Europe's Galileo satellite navigation system starts service
Europe officials have flipped the switch on a satellite navigation system meant to rival the US-made GPS service that has become a staple feature of smartphones and cars worldwide.
The Galileo system - named after the Italian engineer and astronomer - is designed to provide commercial and government customers with more precise location data than GPS.
Being able to accurately pinpoint a position is key to a growing range of products and systems, including real-time logistics, self-driving cars and drone delivery services.
Satellite systems such as GPS also play an important role in providing precision timing for financial transactions and energy grids.
The launch of the first 18 Galileo satellites was hit by delays and several failures. One satellite has stopped working and two others ended up in the wrong orbit.
But the European Space Agency managed to launch four satellites on a single rocket last month and expects to have a full complement of 24 satellites, plus spares, in orbit within four years.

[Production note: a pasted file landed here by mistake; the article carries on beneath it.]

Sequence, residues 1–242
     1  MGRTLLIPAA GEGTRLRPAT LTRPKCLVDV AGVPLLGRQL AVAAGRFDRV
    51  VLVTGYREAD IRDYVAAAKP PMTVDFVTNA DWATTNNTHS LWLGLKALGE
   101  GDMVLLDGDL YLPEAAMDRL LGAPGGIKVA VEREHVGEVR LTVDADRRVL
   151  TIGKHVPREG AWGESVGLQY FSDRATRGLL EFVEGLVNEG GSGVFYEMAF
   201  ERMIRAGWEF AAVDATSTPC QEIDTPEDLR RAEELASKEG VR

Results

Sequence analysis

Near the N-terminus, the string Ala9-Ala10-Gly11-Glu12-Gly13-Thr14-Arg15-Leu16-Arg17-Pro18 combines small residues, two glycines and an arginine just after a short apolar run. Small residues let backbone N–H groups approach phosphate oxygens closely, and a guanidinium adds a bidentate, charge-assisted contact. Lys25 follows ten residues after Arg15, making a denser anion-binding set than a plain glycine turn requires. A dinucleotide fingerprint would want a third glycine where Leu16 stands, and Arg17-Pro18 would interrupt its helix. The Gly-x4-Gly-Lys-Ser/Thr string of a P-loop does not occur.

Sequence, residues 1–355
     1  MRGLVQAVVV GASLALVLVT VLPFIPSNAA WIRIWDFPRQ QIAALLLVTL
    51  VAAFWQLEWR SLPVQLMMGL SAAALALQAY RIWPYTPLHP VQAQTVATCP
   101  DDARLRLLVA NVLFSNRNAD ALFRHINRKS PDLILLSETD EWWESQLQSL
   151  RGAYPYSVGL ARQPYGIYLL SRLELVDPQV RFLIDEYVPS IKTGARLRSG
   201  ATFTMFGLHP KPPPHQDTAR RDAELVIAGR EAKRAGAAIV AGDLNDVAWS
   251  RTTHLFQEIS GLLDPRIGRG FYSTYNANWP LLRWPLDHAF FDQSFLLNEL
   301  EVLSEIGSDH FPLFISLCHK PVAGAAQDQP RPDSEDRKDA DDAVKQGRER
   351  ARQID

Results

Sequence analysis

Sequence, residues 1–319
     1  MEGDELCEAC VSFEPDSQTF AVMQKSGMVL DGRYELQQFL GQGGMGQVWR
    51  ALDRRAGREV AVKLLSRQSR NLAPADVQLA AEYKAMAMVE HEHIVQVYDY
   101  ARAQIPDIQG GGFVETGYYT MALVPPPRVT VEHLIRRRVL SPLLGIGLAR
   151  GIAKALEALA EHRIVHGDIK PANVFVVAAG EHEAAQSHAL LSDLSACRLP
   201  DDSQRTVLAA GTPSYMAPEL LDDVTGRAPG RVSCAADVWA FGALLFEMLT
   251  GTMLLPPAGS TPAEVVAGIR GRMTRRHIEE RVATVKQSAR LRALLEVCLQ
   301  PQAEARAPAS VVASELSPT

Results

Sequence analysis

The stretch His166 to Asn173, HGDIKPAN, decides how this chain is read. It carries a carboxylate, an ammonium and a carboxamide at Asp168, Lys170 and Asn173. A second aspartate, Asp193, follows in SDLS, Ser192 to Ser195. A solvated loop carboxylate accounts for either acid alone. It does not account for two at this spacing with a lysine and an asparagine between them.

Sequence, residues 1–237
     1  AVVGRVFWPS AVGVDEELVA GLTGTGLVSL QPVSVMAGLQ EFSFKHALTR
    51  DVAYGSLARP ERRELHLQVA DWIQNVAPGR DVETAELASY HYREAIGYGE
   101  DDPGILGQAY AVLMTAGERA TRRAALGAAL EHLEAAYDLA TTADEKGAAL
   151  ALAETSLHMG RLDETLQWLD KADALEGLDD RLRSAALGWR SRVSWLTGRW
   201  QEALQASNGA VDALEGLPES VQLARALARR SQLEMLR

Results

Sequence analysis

The service was originally meant to begin service in 2008 at a cost of three billion euros (£2.5 billion), but the development and operation is now expected to cost 13 billion euros (£10.8 billion) by 2020.
While GPS receivers are standard in millions of devices already, only a handful of gadgets support the Galileo system so far.
Galileo's free consumer signal will provide location data with a precision of about a one metre (3ft, 3in), compared to five metres (16ft) or more for GPS.
A premium service will eventually offer even greater precision to paying customers and government agencies such as police and firefighters.
The system is also designed to boost search-and-rescue operations by cutting the amount of time it takes to pinpoint distress beacons used by people lost at sea or in the wilderness.
Galileo is owned by the European Commission, the executive arm of the European Union, based in Brussels.